The authors argue that the mismanagement of these natural resources is the common cause of climate change, biodiversity loss, and pollution or health impacts. Furthermore, by identifying the root causes of these crises, together we can deliver policy responses that tackle them effectively.

Luana Schwarz, Jannes Breier, Jonathan Donges and Johan Rockström, as part of the Earth4All modelling team at PIK, explore the key dynamics for the realization of a global-scale transition to regenerative agriculture.

This is the second paper in a series of three on the concept of a universal basic dividend (UBD), authored by Ken Webster. This paper aims to provide clarity on the implications of grounding a UBD in ethical and moral considerations, as well as to explore how a UBD fits within current macroeconomics, especially fiscal and monetary systems.

This is the third paper in a series of three about a universal basic dividend (UBD). The authors explore the implementation and impact of cash transfer trials, addressing questions about spending patterns, personal and family decision-making, as well as their implications for inclusion and empowerment.

Other publications

Callegari B., Stoknes P.E., People and Planet: 21st century sustainable population scenarios and possible living standards within planetary boundaries. Earth4All, March 2023, version 1.0.

Members of the Earth4All modelling team show that global population could peak just below 9 billion in 2050 in this special report for the Global Challenges Foundation.

Version 1.1 corrects some inconsistencies between figures 11-14.3 and their captions and descriptions in the main text. This does not affect the conclusions of the report.

Martin, M., Boakye, E., Boyd, E., Broadgate, W., Bustamante, M., Canadell, J., . . . Zhao, Z. (2022). Ten new insights in climate science 2022. Global Sustainability, 5, E20. doi:10.1017/sus.2022.17

Luana Schwarz, Earth4All and Potsdam Institute for Climate Impact Research contributed to this paper on the role of sustainable agriculture in climate change mitigation.

Collste, D., Cornell, S., Randers, J., Rockström, J., & Stoknes, P. (2021). Human well-being in the Anthropocene: Limits to growth. Global Sustainability, 4, E30. doi:10.1017/sus.2021.26

Members of the Earth4All modelling team track development of relevant indications for the Sustainable Development Goals 1-7 against GDP in seven world regions and globally.

Randers, J., Rockström, J., Stoknes, P., Golüke, P., Collste, D., and Cornell, S., (2018) Transformation is feasible: How to achieve the Sustainable Development Goals within Planetary Boundaries. A Report to The Club of Rome.

This report explores different pathways for the implementation of the Sustainable Development Goals (SDGs). It confirms that meeting the SDGs in an integrated fashion based on conventional growth policies is not possible. The only way to meet most of the goals by 2030 is to take transformational actions with system-wide effects.

Meadows, D. H., Meadows, D. L., Randers, J., and Behrens, W. W., (1972) The Limits to Growth; a Report for the Club of Rome’s Project on the Predicament of Mankind. New York: Universe Books

This report was the first to model our planet’s interconnected systems and to make clear that if growth trends in population, industrialisation, resource use and pollution continued unchanged, we would reach and then overshoot the carrying capacity of the Earth.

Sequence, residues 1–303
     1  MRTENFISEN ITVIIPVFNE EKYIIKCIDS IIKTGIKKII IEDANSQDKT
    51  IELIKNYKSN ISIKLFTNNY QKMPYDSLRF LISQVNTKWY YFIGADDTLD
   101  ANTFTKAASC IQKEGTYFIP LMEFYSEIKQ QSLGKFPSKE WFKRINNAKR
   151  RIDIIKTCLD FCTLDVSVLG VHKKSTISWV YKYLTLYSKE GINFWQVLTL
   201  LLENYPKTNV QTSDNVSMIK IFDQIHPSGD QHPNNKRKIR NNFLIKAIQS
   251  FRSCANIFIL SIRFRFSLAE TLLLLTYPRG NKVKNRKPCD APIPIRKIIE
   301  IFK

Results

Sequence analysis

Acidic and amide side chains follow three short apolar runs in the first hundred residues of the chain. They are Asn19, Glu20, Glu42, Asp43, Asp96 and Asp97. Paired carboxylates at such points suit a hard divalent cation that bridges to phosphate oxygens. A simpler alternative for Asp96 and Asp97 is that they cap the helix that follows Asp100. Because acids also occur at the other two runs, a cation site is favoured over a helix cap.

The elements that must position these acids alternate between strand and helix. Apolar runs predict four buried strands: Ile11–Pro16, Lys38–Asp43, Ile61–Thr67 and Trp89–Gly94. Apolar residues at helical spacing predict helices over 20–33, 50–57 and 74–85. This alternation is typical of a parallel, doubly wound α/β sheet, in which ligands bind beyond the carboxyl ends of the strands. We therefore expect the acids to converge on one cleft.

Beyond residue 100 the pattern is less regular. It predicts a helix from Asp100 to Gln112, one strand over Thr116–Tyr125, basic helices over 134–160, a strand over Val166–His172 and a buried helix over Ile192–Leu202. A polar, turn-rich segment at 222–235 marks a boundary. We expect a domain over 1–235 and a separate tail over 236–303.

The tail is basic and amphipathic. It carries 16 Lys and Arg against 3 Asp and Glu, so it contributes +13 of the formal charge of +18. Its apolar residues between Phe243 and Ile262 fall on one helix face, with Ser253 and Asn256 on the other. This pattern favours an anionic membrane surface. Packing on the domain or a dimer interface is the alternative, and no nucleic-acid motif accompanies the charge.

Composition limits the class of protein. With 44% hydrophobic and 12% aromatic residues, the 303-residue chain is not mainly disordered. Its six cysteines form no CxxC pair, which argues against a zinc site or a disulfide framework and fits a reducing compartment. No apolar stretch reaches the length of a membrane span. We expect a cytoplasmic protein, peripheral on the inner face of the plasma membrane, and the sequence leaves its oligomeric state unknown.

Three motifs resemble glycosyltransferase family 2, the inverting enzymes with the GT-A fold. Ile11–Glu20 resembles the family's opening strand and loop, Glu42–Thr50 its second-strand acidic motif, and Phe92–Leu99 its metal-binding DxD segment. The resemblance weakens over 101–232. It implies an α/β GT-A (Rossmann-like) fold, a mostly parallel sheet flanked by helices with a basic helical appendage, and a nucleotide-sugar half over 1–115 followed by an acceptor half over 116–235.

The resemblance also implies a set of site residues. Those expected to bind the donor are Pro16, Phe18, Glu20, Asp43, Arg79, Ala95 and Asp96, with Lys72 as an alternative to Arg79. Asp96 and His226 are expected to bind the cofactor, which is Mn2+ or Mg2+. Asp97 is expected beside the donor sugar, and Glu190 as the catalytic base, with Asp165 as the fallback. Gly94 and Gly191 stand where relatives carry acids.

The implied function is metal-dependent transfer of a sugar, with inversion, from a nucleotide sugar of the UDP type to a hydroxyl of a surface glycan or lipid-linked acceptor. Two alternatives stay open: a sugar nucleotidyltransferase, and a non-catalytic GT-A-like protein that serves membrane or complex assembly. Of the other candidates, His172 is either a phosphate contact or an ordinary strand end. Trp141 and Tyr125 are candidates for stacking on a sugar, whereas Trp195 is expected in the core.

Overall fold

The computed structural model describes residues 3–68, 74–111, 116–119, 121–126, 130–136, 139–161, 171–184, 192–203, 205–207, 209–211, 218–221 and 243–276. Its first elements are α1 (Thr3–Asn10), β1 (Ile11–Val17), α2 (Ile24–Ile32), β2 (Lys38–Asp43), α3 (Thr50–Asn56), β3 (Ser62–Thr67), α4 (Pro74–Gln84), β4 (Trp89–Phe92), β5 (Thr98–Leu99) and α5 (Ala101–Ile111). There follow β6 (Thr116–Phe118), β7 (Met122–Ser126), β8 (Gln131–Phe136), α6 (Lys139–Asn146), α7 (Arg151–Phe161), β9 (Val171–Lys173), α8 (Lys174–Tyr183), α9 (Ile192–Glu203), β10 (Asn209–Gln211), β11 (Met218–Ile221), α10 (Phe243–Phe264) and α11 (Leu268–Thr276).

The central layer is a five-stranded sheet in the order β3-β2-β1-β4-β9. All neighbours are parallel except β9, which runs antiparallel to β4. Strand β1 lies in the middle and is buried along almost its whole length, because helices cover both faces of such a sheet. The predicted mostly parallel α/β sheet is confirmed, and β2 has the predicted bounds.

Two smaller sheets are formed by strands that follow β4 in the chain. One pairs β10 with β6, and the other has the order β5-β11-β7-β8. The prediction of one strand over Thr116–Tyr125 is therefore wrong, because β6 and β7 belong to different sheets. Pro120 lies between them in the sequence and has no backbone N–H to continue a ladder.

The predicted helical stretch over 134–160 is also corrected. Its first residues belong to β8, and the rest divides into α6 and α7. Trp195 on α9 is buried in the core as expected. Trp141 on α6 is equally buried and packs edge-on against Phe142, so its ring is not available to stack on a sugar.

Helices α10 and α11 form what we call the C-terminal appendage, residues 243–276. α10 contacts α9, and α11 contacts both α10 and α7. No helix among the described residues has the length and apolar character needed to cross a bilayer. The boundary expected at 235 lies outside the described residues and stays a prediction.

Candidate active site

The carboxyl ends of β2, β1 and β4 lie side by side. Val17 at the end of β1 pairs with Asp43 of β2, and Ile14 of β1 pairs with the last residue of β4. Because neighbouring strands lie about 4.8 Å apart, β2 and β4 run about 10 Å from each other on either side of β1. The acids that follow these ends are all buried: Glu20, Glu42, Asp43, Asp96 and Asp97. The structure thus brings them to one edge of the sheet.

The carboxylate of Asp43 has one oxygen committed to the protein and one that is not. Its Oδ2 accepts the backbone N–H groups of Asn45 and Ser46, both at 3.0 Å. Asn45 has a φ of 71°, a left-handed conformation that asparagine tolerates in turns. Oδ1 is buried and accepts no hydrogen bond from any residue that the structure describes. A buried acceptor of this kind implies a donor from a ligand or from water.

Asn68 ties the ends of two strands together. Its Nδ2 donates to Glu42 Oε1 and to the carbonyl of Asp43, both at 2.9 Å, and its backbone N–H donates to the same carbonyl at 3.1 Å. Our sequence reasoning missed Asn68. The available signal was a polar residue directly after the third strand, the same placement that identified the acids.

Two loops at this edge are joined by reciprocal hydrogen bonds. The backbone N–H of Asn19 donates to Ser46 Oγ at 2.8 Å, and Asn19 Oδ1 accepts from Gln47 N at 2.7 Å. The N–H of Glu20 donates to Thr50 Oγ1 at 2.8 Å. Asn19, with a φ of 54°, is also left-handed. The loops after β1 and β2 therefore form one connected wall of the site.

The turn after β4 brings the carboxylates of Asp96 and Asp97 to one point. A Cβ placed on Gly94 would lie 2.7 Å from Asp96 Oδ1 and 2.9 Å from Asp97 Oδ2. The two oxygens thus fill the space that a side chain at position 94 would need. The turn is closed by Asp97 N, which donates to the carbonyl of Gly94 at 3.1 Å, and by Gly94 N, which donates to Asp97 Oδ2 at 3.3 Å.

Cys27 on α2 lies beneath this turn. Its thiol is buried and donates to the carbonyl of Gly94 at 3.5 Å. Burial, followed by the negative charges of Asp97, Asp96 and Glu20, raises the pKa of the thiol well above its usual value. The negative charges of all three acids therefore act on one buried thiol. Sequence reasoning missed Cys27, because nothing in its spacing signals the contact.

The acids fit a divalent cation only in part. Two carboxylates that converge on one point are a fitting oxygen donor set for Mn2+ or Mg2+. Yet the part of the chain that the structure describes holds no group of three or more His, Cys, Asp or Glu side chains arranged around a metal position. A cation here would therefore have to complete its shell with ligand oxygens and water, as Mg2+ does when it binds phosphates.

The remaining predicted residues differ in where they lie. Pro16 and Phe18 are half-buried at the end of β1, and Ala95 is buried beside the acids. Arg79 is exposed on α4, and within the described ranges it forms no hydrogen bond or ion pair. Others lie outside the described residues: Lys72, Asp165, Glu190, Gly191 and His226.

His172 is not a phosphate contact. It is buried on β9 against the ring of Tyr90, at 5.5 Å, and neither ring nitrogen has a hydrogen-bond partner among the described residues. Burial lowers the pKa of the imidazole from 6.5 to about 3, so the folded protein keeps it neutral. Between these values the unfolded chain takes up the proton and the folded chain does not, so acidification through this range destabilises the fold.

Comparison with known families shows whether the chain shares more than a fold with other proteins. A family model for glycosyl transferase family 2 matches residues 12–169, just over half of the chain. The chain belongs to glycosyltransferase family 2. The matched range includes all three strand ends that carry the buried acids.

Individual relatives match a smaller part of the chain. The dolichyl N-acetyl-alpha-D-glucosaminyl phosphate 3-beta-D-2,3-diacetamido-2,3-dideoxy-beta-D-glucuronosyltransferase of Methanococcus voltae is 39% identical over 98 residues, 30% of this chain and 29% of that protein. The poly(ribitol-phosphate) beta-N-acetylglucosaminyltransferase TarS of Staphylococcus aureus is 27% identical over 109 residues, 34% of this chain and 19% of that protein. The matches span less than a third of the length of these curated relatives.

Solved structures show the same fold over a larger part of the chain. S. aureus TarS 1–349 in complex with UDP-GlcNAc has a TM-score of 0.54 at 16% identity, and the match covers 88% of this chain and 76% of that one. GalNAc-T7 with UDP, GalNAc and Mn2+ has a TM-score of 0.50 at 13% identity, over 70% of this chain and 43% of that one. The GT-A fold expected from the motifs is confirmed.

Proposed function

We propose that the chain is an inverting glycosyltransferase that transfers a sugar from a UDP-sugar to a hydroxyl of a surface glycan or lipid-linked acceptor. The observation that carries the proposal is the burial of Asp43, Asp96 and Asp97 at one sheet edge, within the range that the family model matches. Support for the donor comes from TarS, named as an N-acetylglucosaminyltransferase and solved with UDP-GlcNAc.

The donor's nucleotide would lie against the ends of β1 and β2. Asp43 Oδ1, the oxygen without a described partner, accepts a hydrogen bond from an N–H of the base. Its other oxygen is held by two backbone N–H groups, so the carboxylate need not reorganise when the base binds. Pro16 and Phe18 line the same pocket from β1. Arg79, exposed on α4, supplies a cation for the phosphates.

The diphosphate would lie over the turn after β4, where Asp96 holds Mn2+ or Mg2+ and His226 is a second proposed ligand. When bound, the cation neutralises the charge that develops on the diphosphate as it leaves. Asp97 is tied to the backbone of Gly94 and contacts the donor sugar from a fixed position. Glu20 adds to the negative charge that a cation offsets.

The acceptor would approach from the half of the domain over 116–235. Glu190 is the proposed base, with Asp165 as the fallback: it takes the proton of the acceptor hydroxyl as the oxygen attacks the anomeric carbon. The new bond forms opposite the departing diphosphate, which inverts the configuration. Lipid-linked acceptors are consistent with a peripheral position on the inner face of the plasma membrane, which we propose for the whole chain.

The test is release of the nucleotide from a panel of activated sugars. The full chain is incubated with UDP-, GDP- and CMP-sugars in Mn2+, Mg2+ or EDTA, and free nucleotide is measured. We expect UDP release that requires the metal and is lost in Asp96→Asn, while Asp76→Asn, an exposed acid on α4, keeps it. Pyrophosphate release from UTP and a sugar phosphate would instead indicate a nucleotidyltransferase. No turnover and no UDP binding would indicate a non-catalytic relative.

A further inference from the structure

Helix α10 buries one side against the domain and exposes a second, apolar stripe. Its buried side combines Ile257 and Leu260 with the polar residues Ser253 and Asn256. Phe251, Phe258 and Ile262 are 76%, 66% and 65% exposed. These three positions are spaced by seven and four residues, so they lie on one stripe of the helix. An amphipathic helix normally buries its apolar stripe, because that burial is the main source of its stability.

Activity reports

2023 Earth4All Action Week report
September 2022 – September 2023

Other publications

Bernstein J., Collste D., Dixson-Declève S., and Spittler N., SDGs for All: Strategic Scenarios. Earth4All System Dynamics Modelling of SDG Progress. Earth4All, September 2023, version 1.0.
The SDGs for All report applies the unique Earth4All system dynamics model, future scenarios and recommended pathways for change to analyse progress of the SDGs in this special report for the Foundation for European Progressive Studies.
Callegari B., Stoknes P.E., People and Planet: 21st century sustainable population scenarios and possible living standards within planetary boundaries. Earth4All, March 2023, version 1.0.
Members of the Earth4All modelling team show that global population could peak just below 9 billion in 2050 in this special report for the Global Challenges Foundation
Version 1.1 corrects some inconsistencies between figures 11-14.3 and their captions and descriptions in the main text. This does not affect the conclusions of the report.
Martin, M., Boakye, E., Boyd, E., Broadgate, W., Bustamante, M., Canadell, J., . . . Zhao, Z. (2022). Ten new insights in climate science 2022. Global Sustainability, 5, E20. doi:10.1017/sus.2022.17
Luana Schwarz, Earth4All and Potsdam Institute for Climate Impact Research contributed to this paper on the role of sustainable agriculture in climate change mitigation.
Collste, D., Cornell, S., Randers, J., Rockström, J., & Stoknes, P. (2021). Human well-being in the Anthropocene: Limits to growth. Global Sustainability, 4, E30. doi:10.1017/sus.2021.26
Members of the Earth4All modelling team track development of relevant indications for the Sustainable Development Goals 1-7 against GDP in seven world regions and globally.
Randers, J., Rockström, J., Stoknes, P., Golüke, P., Collste, D., and Cornell, S., (2018) Transformation is feasible: How to achieve the Sustainable Development Goals within Planetary Boundaries. A Report to The Club of Rome.
This report explores different pathways for the implementation of the Sustainable Development Goals (SDGs). It confirms that meeting the SDGs in an integrated fashion based on conventional growth policies is not possible. The only way to meet most of the goals by 2030 is to take transformational actions with system-wide effects.
Meadows, D. H., Meadows, D. L., Randers, J., and Behrens, W. W., (1972) The Limits to Growth; a Report for the Club of Rome’s Project on the Predicament of Mankind. New York: Universe Books
This report was the first to model our planet’s interconnected systems and to make clear that if growth trends in population, industrialisation, resource use and pollution continued unchanged, we would reach and then overshoot the carrying capacity of the Earth.